define pornography

In a previous post, I claimed that I write pornography online for a living, but the truth is more complicated—I don’t think it’s pornography.

I don’t think the images I post in my scrapbook are pornographic either, although there are those who might differ in that assessment.

I mean, sure, it’s in that ballpark, but before I add “distributer of pornography” as my profession on my taxes, it’s worth a moment to consider the word and its implications.


Cambridge Dictionary defines pornography as “books, images, magazines, films, etc. with no artistic value that describe or show sexual acts or naked people in a way that is intended to be sexually exciting.”

So, let’s see… books, images… that describe or show sexual acts… or naked people.  I’m on board with all of that. Which means, I write and post books and images that describe or show…. wait, wait, wait….

I write books that describe sexual acts. I post images of naked people. They are probably meant to be at least in part sexually exciting. That’s all okay with me.

But I take offense at the notion that they have no artistic value.

Furthermore, I don’t post images that show sexual acts. At least not how I would define it.

The images I post in my scrapbook were originally on my Tumblr account before they banned all adult content.  I have a couple rules that I follow: no penis or scrotum, no vulva or vagina. Pubic hair is fine. Boobs and bare chests are too. But no penetration, no bodily fluids, no gynecological explorations. Because that truly is pornography, to me.

Of course, there is thrusting.  Quite a bit of thrusting. I think about an interview with Robert Pattinson where he stated…


So let’s take a trip through my scrapbook and find the most thirsty thrusting takes. 


Nevermind, I forgot the question.

I just think that with all the words that we have at our command, including ones we make up out of thin air like defriend and manscape, we ought to be able to come up with a word for what I do that isn’t the same as what Penthouse does, for example.

Which brings me, I suppose, to the real point of this post.

I read a fascinating article the other day about how the “citrus scale” used in fanfic during the late ’00s and early ’10s (my Twific hey-day) is making a comeback on Tumblr as creative folks try to circumvent the adult content ban.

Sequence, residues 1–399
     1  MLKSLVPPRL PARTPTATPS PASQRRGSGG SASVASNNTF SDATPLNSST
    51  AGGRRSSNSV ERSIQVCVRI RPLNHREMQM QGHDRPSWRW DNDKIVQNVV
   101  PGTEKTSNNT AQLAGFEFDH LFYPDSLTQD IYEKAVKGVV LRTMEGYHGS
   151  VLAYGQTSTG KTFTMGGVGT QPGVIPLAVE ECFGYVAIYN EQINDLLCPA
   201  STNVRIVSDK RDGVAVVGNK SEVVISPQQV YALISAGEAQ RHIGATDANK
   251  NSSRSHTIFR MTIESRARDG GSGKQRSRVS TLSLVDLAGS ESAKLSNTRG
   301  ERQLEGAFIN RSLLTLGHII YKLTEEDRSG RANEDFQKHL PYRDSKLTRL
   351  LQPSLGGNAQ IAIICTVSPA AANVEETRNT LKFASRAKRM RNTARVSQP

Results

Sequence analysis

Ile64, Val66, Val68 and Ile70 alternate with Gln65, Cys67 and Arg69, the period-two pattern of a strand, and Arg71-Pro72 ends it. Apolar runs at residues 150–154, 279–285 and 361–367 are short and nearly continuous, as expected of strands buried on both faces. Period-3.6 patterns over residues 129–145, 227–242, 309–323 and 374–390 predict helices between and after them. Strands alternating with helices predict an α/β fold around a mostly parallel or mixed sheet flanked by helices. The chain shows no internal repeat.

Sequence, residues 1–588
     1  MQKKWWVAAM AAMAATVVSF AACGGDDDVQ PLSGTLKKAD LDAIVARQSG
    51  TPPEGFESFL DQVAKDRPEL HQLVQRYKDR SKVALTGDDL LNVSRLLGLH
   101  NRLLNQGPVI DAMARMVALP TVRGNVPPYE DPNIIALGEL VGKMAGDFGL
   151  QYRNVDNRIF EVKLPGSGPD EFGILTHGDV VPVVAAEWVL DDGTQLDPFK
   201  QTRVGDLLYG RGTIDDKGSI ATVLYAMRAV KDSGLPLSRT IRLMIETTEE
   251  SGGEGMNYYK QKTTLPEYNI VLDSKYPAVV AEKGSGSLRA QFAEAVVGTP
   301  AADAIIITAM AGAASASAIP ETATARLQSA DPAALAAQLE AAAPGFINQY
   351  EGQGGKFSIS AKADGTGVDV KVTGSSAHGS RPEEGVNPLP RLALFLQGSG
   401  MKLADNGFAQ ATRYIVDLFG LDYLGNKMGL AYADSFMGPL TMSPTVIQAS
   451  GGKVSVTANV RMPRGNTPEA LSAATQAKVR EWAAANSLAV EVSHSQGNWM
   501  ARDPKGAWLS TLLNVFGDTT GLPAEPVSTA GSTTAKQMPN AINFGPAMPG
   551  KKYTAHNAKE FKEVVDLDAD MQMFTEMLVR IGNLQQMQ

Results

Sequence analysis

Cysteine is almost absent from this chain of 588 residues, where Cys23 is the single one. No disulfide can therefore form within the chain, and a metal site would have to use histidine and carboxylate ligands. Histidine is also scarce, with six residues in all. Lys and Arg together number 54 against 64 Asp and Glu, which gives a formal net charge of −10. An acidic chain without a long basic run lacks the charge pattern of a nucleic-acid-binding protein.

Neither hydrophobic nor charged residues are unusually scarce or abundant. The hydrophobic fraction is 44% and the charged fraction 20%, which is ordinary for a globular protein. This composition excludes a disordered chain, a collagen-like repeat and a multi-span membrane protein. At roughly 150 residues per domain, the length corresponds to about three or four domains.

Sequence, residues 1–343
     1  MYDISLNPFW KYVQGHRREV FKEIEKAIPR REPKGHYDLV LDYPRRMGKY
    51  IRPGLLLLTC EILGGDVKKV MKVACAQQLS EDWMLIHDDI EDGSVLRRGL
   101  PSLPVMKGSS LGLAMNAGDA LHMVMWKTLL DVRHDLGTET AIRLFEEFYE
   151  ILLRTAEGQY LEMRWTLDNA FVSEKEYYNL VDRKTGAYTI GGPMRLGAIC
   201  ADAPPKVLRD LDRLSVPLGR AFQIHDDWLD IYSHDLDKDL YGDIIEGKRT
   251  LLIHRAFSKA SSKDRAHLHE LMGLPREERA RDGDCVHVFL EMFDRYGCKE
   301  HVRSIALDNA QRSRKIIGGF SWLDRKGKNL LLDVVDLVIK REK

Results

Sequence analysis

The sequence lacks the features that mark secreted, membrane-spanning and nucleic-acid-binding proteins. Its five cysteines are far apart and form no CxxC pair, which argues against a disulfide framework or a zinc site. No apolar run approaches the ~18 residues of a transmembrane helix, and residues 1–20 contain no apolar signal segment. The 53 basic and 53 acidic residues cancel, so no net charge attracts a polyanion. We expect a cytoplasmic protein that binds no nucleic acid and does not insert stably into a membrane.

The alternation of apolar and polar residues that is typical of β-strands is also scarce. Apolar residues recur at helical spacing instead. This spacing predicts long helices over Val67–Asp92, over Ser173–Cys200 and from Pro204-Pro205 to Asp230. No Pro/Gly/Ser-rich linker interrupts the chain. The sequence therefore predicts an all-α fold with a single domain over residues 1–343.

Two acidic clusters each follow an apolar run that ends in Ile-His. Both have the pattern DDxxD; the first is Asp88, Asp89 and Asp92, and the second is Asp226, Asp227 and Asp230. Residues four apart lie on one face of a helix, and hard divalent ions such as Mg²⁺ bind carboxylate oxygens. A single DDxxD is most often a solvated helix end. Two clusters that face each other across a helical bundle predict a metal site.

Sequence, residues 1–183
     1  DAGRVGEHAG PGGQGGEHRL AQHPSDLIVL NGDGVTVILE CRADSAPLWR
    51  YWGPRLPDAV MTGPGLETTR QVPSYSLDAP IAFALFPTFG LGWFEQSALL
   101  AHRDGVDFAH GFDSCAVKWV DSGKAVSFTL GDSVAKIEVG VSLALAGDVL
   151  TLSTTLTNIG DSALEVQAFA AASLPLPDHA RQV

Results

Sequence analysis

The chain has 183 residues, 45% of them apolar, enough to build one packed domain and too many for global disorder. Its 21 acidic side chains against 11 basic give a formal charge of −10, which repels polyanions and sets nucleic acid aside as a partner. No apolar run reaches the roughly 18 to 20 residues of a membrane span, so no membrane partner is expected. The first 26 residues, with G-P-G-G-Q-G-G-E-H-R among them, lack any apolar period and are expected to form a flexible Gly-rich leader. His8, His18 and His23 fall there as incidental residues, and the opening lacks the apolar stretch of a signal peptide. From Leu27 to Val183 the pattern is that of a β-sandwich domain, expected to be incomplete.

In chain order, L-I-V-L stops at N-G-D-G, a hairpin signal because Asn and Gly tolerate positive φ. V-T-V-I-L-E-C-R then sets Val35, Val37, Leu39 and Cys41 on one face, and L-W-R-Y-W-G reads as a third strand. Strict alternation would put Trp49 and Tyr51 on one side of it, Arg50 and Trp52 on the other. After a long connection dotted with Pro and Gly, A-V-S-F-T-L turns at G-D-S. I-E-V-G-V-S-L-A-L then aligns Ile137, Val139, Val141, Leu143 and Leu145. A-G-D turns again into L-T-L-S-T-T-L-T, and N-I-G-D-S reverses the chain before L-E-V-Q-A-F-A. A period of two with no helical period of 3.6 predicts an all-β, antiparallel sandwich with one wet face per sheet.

For those of you unaware of the citrus scale, it starts with the orange which is basically PG with kissing and holding hands, maybe some network television level of swears.

Then there is lime which is basically PG-13 with making out and some removal of clothing, open-mouth kissing and a couple uses of the f-bomb.

I would also include in this category all the non-rated foreign films with full frontal male nudity and extensive amount of naked breasts, plus heavy breathing and sexual thrusting that by all rights should be a soft R.

For example, A Room with a View is one of my favorite movies in part because it does an excellent job of combining the sensual and earthy with uptight British parlor culture. And it has naked men running around a pond, dangling their ding-dongs.

As an American, thank you so much to lowered European standards of prudishness.


Next is the lemon which runs the gamut from R to NC-17. There can be ample description of genitalia and the insertion of this into that, and fucking fuck that fuck fuck fuck.

Lastly, there is grapefruit which is a whole lot of weird crazy.  Fetishes and furries and fisting and fish-slapping.

I personally think that lemon is too wide a category and needs some subdivision, which is why I would define my own writing as “lemon-lime in the tradition of le cinéma”.

So, now you know, there are different words to describe what I do other than porn.

I am also okay with calling it a “Lime Drop Martini” as seen below.



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